When I found out I was pregnant with Elizabeth, I got a phone call from an old friend. Actually Jenny was more friends with my mom than me at that time. The oldest of her 7 (now 8 ) children are just a bit younger than me. Jenny calls herself a “baby groupie.” She loves to talk about birth and babies. The express purpose of her call was to rejoice with me and encourage me about how to have a successful pregnancy and birth. I learned so much in that one hour conversation! I’ve come to understand since then that most doctors don’t tell you much about the birth process or how to get ready for it. Many women go into labor fairly unprepared.
Since I just had a baby and so many people I know are pregnant right now, I thought I’d jot down a few things that have been helpful for me in preparing for birth, things women like Jenny have told me and things I’ve learned from reading and having 4 babies of my own. Look for the other 4 parts to this series over the next week or two!
Don’t be afraid
The Bible tells us not to fear 366 times, I’m told, one for each day of the year and and extra one for leap year! As expectant mothers, I think it’s common to worry over our little one inside. Will the baby be OK? What if something goes wrong? What if I can’t manage the pain? What if I’m a bad mother? Trust God. He wants us to be at peace. He is Lord over birth just as over every other part of life.
I was especially overwhelmed with the temptation to fear during my third pregnancy. As an antidote, I meditated on Psalm 139 for weeks before her birth. Ahhh…Sweet peace…
Did you know that it’s believed that a child’s palate is influenced by what you eat during pregnancy and breastfeeding? Aside from that, healthy foods result in a healthier baby and a mama who’s in better shape after birth. I read What to Expect When You’re Expecting when I was pregnant with Elizabeth, and I have to say that I was overwhelmed by all they said you had to eat. They even included instructions for how to stuff yourself with all the required servings if you were full. Now I’m no doctor or nutritionist, but my personal opinion is that it’s more about what you eat than how much. If you have an excellent diet, I don’t understand why you should max out your calorie intake just to squeeze that extra dairy serving in. Personally, I focused more on general healthy eating and didn’t worry so much about counting servings.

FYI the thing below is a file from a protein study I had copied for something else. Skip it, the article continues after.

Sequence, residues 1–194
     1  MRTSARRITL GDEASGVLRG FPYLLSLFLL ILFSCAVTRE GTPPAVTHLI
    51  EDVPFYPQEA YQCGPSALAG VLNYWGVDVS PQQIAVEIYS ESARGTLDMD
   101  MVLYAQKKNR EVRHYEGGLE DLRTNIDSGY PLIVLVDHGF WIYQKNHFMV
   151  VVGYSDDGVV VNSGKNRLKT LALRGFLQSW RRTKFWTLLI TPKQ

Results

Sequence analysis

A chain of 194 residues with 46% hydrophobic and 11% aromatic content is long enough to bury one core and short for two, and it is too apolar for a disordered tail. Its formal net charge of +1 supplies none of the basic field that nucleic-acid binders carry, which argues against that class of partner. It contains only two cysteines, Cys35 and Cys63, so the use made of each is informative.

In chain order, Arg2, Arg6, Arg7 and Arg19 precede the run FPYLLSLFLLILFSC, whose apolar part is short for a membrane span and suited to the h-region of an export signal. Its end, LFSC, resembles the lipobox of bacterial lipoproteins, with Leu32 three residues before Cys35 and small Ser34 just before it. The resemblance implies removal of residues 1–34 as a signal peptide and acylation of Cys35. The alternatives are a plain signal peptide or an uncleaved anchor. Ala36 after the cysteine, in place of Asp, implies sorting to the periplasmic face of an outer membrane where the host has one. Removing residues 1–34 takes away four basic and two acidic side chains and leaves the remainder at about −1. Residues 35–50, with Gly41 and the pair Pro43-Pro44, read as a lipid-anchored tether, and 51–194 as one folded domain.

(Um, I should be honest for a second here and admit that if the part about in utero diet affecting preferences is true, then Grace, my fourth, will probably be addicted to peanut M&M’s.)
Birth is the hardest work you’ll ever do. You’ll perform better if you’re fit. One book likens it to training for a marathon.
When I was pregnant with Elizabeth, I hadn’t exercised in awhile, so I started with just 5 minutes. The next week, 10. By the end of the second trimester I was exercising about 45 minutes day and I was in the best shape of my life (except my abs, for some reason…*G*). I had a very successful, though long, first birth, and I was back to my pre-pregnancy weight within a week. (Yeah, blows me away too. That never happened again!)
Subsequent pregnancies I simply haven’t had the time or ability to exercise that intensely. It really worried me at first, but someone encouraged me that the strength would be there when I needed it. It was. I do think that if you can work out vigorously (using common sense and the green light from your doc of course), that’s great. But if a brisk walk is all you can do, that’s great too. The bottom line: just get moving.